The movie has been shunned by audiences, but give it time and people may come around
People are talking about “mother!” Not necessarily in a good way, but they’re talking nonetheless.
Director Darren Aronofsky’s latest film opened two weeks ago and has underperformed at the box office, where it has earned just $15 million, which is solid for an art film, but poor for a movie starring Jennifer Lawrence that opened on 2,300 screens. It was branded with a dreaded “F” rating from audiences from CinemaScore, the exit polling company that gauges crowd reactions.
That “F” put it in very select — and not at all prestigious — company. Only 18 other movies have ever earned the total failure designation, and those titles include the Lindsay Lohan horror vehicle “I Know Who Killed Me,” the Nicolas Cage atrocity “The Wicker Man” and the Meg Ryan erotic thriller “In the Cut.” Bad movies, all.
“mother!” is not a bad movie — far from it — but it’s easy to see why audiences have reacted to it in such a toxic manner. It is a movie that is tough to wrap one’s brain around, which deals in metaphors that don’t immediately present themselves. Further, it is a jarring experience, meant to rattle and disturb, and is successful in doing so. Add it all up, and of course someone exiting the theater’s immediate reaction is going to be negative. Only masochists — and movie critics — enjoy things that make you feel so bad.
And you definitely leave “mother!” with something of a bad feeling. That means it has touched on a nerve, made you feel something, even if that “something” is discomfort. If you conflate good art with things that make you feel warm inside, then yes, “mother!” is an F. But art is meant to be challenging and it’s meant to be examined past a knee-jerk reaction. And that’s where the experience of “mother!” grows deeper.
I saw “mother!” last weekend at the AMC Livonia and when the credits came up, the few people in the theater were swift to voice their opinion. “I didn’t get it,” said one woman, exasperated, in the row behind me. She turned to others as she was walking out of the theater. “Did you get it? What about you? Did anyone get it?” (That is sort of amazing in and of itself: a piece of art that forces strangers to interact with each other. How often does that happen?)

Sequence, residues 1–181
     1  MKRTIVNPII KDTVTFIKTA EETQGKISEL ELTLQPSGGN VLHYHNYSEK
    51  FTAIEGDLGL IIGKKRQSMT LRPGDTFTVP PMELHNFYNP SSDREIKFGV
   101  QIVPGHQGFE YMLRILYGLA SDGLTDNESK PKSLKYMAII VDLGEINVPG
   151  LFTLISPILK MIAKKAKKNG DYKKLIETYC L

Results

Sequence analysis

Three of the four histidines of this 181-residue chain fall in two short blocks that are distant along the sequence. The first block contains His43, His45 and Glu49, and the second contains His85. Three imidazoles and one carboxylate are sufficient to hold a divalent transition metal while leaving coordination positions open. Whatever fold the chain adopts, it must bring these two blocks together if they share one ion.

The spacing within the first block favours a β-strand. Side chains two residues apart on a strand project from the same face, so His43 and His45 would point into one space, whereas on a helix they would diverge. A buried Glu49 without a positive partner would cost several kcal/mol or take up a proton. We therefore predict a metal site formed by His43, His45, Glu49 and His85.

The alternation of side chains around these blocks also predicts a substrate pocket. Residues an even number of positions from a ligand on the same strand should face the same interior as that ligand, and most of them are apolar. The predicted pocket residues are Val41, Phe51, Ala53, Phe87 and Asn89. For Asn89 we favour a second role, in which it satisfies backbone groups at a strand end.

Here’s what happens in “mother!”: Jennifer Lawrence and Javier Bardem play an unnamed married couple living in a gorgeous home in the middle of nowhere. Literally in the middle of nowhere: They don’t have a driveway or a sidewalk or anything around their home, just tall grass and some woods in the distance. This is important.
She spends all her time renovating the home, which is being restored after a fire burned it to the ground. He is a poet in a massive state of writer’s block. She does everything she can to foster an environment where he can work in peace, but he can’t seem to put pen to paper.
One day a man (Ed Harris) shows up at the door, Bardem invites him in, and they become fast friends. His wife (Michelle Pfeiffer) soon follows, and at the invitation of Bardem, they stay awhile. Lawrence is basically like, “who are these people and why are you inviting them into our home?” but she goes with it, reluctantly.
Things happen, more people come through the doors, a major fight ensues. Lawrence winds up getting pregnant, which finally inspires Bardem to write. But the work he creates only brings more people and more chaos into their once-tranquil home. Some pretty disturbing things happen with the baby as “mother!” builds to its raging climax, which leaves you feeling punched in the gut.
“mother!” can be read on several levels, but it is definitely not meant to be taken literally as a story about houseguests from hell. It took me awhile — three viewings, to be exact — but I got to a place where I feel comfortable with my “mother!” interpretation.
Many agree that in the movie, Lawrence is a stand-in for Mother Earth, the Bardem character is God, and the film is about man and woman (the Ed Harris and Michelle Pfeiffer characters can be seen as Adam and Eve) ruining the planet. I like the read that the film is in some way about director Aronofsky (he is the Bardem character), and Lawrence is playing a version of his ex-wife Rachel Weisz, and the film is sort of an apology for the dissolution of their marriage. (Stirring the pot, Aronofsky — who is the same age as Bardem — is currently dating Lawrence. Scandalous!)
There are other ways to look at the movie, and it’s a work that invites thorough deconstruction, which is to say the book has yet to be written on “mother!” Looking ahead, you can see film students and midnight audiences poring over it and debating its meanings. It is a rich, textured work that swirls around your head until it makes you dizzy.
Exit polls deemed it an F, but history will likely be much more kind.